Being a Scrooge at Christmas is nothing to be proud of, or to apologise for. As far as I know, having reservations about this great festive break is perfectly legitimate.
I was saying to my wife, before Christmas kicked-off, that we should not try our best to create an occasion that is ‘perfect’. Christmas and New Year just happen to fall at the end of a Roman calendar year with many believing that Jesus was actually born at the end of February or beginning of March. I have read that it was good old-fashioned Roman pragmatism that decided to enjoin the winter solstice with the newly popular religion that was Christianity. As far as Rome was concerned, it was a perfect solution to pressing political problems concerned with keeping their newly subjugated populations pacified. Ale, drugs, fornication and a big fat grin can go a long way to staving off those dark winter nights. Who could not like it?
Perfection is a dangerous goal. It goads us into trying to achieve it whilst knowing that none will. Falling short means a descent into self-recrimination and guilt; once again, on that very special day, you have failed. You have failed on that one moment in time when failure so clearly denotes your personal flaws and philosophical shortcomings.
“We’re meant to fail at Christmas,” I told her as we were leaving the carpark of a large supermarket chain having failed to secure a last-minute bargain turkey.
My wife agreed but still felt obliged to press on with the affair.
There is something in Christmas that allows us to be virtuous and virtue is measured in a number of ways, amongst which having a firm belief in Christmas is Number 1. Having a Jeremiah such as me, sitting in the car on Christmas Eve, being rational about the chances of Christmas being a little bit of a let-down is not what a person needs when they are on the hunt for a turkey (when the last minute thing looks indanger of failing, badly).
I don’t like turkey. It’s difficult to cook, tastes of thin air, hangs around like an unwanted ghost, and has hidden giblets. No matter what we do, we often miss the giblets and only realise this when the smell of roasting plastic fills the home. This happened again, resulting in newly cooked bird taking its swansong as it made its way from oven to bin. I think that it tasted just the same but without the dull consistency that breast and leg would have provided. We had vegetables instead. And they were good.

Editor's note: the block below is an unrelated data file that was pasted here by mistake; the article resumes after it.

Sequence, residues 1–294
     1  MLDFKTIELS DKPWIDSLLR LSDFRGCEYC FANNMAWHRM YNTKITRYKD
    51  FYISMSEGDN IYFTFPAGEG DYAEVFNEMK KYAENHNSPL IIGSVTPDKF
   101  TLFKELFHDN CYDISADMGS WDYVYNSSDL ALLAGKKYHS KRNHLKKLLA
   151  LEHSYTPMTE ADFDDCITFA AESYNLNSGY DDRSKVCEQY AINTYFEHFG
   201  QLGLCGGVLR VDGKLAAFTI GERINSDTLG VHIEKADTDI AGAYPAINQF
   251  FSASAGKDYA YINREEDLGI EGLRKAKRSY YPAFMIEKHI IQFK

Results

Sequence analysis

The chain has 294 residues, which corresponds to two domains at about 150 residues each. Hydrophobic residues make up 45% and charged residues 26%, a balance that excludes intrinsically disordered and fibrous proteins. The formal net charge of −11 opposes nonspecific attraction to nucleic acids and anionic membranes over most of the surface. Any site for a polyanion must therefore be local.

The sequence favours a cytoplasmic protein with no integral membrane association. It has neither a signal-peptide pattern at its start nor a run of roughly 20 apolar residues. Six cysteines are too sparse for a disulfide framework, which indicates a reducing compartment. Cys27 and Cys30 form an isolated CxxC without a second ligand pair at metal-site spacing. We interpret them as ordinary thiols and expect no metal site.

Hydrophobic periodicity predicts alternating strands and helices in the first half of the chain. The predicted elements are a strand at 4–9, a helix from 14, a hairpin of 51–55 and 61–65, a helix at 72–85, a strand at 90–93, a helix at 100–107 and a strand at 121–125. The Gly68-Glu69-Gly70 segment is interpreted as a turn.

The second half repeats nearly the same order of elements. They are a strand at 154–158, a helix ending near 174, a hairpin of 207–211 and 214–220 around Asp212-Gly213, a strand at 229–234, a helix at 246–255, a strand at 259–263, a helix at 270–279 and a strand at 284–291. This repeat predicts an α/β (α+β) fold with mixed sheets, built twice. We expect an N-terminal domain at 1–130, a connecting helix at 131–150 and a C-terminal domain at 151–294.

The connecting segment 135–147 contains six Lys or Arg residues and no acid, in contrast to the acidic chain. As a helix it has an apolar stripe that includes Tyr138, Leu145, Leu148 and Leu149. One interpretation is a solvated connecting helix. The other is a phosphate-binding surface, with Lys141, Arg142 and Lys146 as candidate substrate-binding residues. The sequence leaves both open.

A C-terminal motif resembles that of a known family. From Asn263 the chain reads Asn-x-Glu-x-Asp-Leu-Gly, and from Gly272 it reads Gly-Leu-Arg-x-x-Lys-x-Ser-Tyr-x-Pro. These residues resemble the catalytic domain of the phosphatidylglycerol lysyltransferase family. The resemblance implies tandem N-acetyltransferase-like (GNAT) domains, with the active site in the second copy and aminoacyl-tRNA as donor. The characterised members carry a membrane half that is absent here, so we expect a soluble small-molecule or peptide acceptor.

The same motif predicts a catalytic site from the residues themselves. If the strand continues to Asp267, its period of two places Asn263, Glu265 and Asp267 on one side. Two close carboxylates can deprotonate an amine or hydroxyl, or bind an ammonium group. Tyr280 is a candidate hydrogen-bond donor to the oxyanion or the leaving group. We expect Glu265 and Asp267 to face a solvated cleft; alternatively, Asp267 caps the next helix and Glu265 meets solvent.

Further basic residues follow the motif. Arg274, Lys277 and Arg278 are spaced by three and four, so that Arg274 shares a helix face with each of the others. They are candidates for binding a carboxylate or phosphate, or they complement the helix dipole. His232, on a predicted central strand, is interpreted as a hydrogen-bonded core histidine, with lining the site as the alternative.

People at Christmas are not perfect. Families wish to see each other to exchange gifts and wishes for the year to come. Friends stay and then can overstay before attempting to impart some virus that they have inexplicably contracted whilst stewing themselves in the entirety of your alcohol reserves. It turns out that you could, indeed, be the carrier rather than the fact that large amounts of alcohol has reduced your guest’s capacity to ignore otherwise insignificant bugs. Just how many Christmasses will it take to understand this troubling titbit?
Then it creaks to a halt with a little wassailing and Old Bloody Langs Sine. Let’s hold hands and sing some fetid lyrics about forgetting how turd-like some of us can be when we’re not pissed (British for drunk as a skunk), before pretending that a new day will make everything better.
Now the tree has gone down, this is part of our contribution to aiding climate change, and it will soon be in a festive skip and heading for some friendly land-fill across the other side of town. Our guest has gone home, our eldest daughters have returned to university and work, and Christmas has finally gone with all those poor lyrics that are sung by people attending carol concerts.
Next time you sing some in which words are purposely mispronounced or elongated beyond possible recognition, think on. If we sing terrible songs, what is the rest of the season going to be like?